TWIN FALLS — In a last-minute press conference Friday, We the People Magic Valley announced it wants U.S. presidential candidates Hillary Clinton and Donald Trump to come to Twin Falls to show them “how life in America is really going.”
Earlier that afternoon, organizers called local media to say an announcement would be about the ongoing refugee issue in Twin Falls.
At Twin Falls City Park, the group said the family of the 5-year-old victim of a reported sexual assault in June at the Fawnbrook Apartments was coming to the event.
But Julie Ruf with We the People later told reporters the family couldn’t make it because of the challenges of their living situation, saying they’re now living at a hotel.
After talking about the Fawnbrook case and refugee resettlement, Ruf told reporters she wants Clinton and Trump to come to Twin Falls to “see how America is being changed by this new crisis.” And she later added: “We want to tell you how life in America is really going today.”
We the People Magic Valley is a group that includes the local Act for American chapter, John Birch Society and Dallypost Tactical, a group run by Pocatello-area political activist Lance Earl.
It describes itself on a public Facebook group page as “a coalition of patriots who are concerned with the direction our nation — and our community — is heading in.”
The group’s goals are “preservation of our Republic and her Constitution, civil liberties, and governmental and United Nations encroachment on our state and community often in violation of the Tenth Amendment.”
About 10 people from We the People Magic Valley stood behind a microphone, as others set up for a group picnic nearby.
After giving a statement, the group allowed for questions from reporters. A few speakers blamed the media, provided advice and told reporters what they should care about.
And they said reporters aren’t asking the right questions. Group members also said they’ve been called names in local publications.
The Times-News, KMVT and BuzzFeed reporters, along with a couple of other media organizations, attended the press conference.
Ruf talked about the Fawnbrook case and refugee-related topics in her statement.
“Refugees have been flooding into Twin Falls as cheap laborers,” she said, adding after their first six months in Twin Falls, they’re living in squalor. She said many are her personal friends.
Employers also have incentives to hire refugees, she claimed, because the federal government has gotten involved.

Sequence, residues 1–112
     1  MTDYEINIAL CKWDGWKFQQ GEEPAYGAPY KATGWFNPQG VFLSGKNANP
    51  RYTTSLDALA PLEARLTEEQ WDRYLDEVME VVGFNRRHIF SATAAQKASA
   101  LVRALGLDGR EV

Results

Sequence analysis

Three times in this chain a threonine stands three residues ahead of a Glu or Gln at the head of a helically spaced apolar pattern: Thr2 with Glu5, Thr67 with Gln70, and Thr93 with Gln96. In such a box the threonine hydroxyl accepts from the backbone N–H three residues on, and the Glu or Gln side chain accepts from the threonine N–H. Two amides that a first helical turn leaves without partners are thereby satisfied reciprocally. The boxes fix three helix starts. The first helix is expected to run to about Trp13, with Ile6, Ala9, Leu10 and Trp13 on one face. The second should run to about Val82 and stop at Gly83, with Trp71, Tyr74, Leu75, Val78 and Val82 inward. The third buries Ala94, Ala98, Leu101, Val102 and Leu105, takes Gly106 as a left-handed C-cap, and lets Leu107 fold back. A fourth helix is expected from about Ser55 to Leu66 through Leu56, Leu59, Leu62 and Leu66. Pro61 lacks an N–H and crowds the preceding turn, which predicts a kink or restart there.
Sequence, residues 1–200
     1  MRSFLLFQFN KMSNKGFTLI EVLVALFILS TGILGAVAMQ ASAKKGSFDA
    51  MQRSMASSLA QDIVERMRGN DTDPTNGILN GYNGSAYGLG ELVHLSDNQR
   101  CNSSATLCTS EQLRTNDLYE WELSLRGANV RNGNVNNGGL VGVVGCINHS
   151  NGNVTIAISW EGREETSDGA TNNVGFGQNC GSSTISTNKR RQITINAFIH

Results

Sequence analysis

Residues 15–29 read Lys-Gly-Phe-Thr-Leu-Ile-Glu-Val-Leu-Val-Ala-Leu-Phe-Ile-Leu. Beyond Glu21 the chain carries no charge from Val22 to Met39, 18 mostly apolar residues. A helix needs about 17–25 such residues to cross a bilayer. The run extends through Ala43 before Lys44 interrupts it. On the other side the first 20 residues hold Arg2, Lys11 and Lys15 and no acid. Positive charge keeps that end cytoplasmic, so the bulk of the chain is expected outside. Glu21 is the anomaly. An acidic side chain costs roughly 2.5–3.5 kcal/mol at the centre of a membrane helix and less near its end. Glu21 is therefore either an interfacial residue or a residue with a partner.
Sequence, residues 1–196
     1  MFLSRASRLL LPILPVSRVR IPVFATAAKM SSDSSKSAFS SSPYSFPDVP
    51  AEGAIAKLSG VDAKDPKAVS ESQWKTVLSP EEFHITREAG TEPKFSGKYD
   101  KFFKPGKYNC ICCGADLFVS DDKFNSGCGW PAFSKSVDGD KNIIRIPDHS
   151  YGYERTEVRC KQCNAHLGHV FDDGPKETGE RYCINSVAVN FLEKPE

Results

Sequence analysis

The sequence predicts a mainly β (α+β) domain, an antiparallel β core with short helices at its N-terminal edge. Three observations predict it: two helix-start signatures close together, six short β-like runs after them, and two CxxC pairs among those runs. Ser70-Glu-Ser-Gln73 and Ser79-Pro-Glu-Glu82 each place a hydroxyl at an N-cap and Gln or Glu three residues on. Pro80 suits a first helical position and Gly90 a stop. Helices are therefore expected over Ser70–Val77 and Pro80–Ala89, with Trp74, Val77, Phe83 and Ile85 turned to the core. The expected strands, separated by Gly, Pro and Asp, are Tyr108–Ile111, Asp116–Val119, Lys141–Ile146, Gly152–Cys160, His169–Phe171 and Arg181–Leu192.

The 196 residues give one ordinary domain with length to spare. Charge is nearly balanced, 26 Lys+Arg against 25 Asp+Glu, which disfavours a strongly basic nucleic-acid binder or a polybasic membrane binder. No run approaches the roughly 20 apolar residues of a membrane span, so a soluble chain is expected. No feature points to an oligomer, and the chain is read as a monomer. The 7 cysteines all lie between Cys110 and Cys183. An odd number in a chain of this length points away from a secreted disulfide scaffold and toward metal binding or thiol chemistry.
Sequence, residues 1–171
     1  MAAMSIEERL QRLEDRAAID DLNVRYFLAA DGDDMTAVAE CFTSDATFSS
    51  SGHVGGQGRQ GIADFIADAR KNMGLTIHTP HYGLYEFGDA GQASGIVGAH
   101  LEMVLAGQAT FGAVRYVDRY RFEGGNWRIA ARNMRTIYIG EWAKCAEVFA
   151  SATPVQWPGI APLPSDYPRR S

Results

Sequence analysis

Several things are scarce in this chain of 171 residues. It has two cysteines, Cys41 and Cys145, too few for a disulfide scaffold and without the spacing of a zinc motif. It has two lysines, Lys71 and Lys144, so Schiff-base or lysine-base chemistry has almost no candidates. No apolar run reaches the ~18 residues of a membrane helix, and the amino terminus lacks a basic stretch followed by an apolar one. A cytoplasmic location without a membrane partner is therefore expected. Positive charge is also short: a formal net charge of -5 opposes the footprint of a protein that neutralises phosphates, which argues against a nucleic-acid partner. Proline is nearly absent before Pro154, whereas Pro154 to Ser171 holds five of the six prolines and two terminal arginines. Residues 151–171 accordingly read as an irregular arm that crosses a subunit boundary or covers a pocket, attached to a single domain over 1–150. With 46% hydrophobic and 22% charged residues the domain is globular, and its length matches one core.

Resettling refugees became controversial nationwide. Here in Twin Falls, news came out in 2015 that Syrians could be among the refugees to be resettled by the College of Southern Idaho’s Refugee Center. But so far, no Syrian refugees have been resettled here.
A petition for a ballot measure to shut down the Refugee Center failed to get enough signatures this spring.
But debate flared up again in June after reports of three boys from Iraqi and Sudanese families had, according to authorities, sexually assaulted a girl at the Fawnbrook Apartments.
We the People Magic Valley sponsored a Thursday night event, featuring Brigitte Gabriel, head of Act for America. The group focuses on national security and the threat they say radical Islam poses to America.
The Gabriel event was an incredible achievement for We the People Magic Valley’s first event, Hilber Nelson told reporters Friday.
Gabriel provided a call to action, he said. The group decided to host a picnic Friday night.
The picnic would provide a “family atmosphere,” Nelson said, with hot dogs, activities, information and “positive projects you can get involved in right away” to promote civic and religious freedom.
About 25 people showed up at the start of the event.
Dino Omerefendic, a refugee from Bosnia, was walking in Twin Falls City Park and stopped when he overhead the press conference. He started asking questions.
He told We the People members he came to the United States as a refugee in 1997. He lived in Atlanta before coming to the Magic Valley. He said he has never been arrested.
“It seems like you’re painting all refugees with the same brush stroke,” he told the group.
Ruf responded by saying she’s not against the refugee program. She said she just wants it to be run correctly and says it isn’t currently.
Ruf said she advocates to protect refugees from living in squalor and she believes in one law for all people.
Omerefendic said non-refugees are involved in sexual assault cases, too. “Why aren’t we getting angry about all these other little girls?” he said about the victims.
Ruf said she does get angry about other cases. She added she wants to see violence ended for all groups.
Omerefendic told the Times-News he doesn’t think the group understands Muslim views. He said he has friends who are Muslims. And, he said, he feels speakers were lying a little about their views toward refugees.
The Fawnbrook case has attracted nationwide attention because it involves hot topics, Ruf told reporters — law and order, immigration and debate over what to do with the refugee population.
“Despite the best efforts of city officials, it has become a national news story,” Ruf said. The national media, she added, has displayed more concern about political correctness, rather than the hard truth.
Some have called the incident a hoax, she said. “They’ve insulted these family members.”
“The attack that happened to that delicate little 5-year old girl has caused unforeseen circumstances,” she said later in her statement.
The victim’s family is being held to a different standard, Ruf said. She said the family hasn’t received any victim’s aid, “despite what the local media has printed.”
The family, she said, can’t find anywhere else to move.
A goal of We the People, Ruf said, is to make sure the family gets help and that someone advocates for them.